Tips for Cats That Don’t Get Along
13 August, 2012
When you bring a new cat into your home and you already have a cat, chances are they will get along in due time. However, it is very common for the ‘older or existing’ cat to be jealous of the new cat at first. In a short time, the cats will generally behave and get along splendidly. If, however, your cats are not getting along, below are some recommendations to help them do so.
Your cat will be jealous
A new cat will almost always get more attention from you from the start than your existing cat. But, it is your responsibility to try to set aside some one-on-one time with your other cat to alleviate his or her fear that the new cat is stealing all your love. Some breeds are more jealous than others; however, always make the extra effort to make your existing cat feel loved and wanted and this will ease the transition.
Cats are territorial
Cats are territorial by nature, even if the territory extends no further than your couch. When you introduce a new cat into your household, the new cat will need to establish his or her territory and your existing cat will sometimes need to defend his space. This often results in fights.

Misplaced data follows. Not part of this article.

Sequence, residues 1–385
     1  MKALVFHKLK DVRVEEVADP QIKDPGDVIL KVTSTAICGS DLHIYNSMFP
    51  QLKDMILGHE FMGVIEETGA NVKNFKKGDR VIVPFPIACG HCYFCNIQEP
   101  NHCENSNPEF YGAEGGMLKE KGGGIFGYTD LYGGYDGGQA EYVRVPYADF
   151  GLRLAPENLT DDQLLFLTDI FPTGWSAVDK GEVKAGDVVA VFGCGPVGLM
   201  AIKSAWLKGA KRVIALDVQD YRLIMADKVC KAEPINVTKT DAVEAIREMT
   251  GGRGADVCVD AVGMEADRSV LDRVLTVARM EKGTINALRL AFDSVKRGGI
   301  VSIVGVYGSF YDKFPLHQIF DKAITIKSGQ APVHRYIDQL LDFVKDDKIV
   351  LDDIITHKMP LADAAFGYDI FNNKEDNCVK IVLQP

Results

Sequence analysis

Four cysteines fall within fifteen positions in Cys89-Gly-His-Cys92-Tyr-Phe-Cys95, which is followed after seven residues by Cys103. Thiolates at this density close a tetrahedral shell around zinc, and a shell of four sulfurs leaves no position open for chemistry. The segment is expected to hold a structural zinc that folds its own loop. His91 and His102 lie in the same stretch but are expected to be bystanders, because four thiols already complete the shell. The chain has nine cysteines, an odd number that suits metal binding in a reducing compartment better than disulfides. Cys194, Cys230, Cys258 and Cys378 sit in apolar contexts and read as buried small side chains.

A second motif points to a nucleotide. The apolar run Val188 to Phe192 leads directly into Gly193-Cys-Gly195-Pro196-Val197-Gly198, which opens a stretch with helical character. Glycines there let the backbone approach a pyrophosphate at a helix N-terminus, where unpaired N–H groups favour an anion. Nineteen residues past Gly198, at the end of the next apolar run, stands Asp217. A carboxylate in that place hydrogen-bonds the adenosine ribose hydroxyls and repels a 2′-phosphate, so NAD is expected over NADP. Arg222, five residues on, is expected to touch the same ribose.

Each of your cats probably has a spot they call their own. Discourage the new cat from adopting one of these spots by providing her with her own special spot. Sprinkle the new spot with catnip and put a towel with her scent on it. You can even give the new cat his own scratch post so she or he won’t be poaching the territory of your existing cat and can mark it as her own.
New Cat Smell
When you bring a new cat into the home, it will have a new cat smell that will not be welcome by your existing cat. Some cats are more bothered by this than others. You can integrate their smells to help alleviate the ‘new cat smell’.
Try mixing up their smells by rubbing a towel over one cat and then use the same towel and rub it over your other cat to mingle their scents. Do this several times a day for a couple weeks and what do you know? They have similar scents.
If your cats won’t stop fighting, it’s time for a separation. You can get a large dog crate and place it in a spare room, and put one cat (with a litter box and bed) in the crate and the other cat outside the crate. Leave them alone in the room together. Do this every day for at least a week, alternating which cat gets crated.
When things appear to be less volatile between them, let them out together in the room (but don’t leave them alone together). Play with them, give them treats, and praise their good behavior. If one starts a fight, put him in the crate. Continue this routine until they can be together in the room without fighting.
At that point, you can reintroduce them to the rest of the house. When one starts a fight, he goes back in the crate. Again, praise good behavior and reward your feline friends with treats. Within a month, the two cats should be able to coexist fairly peacefully.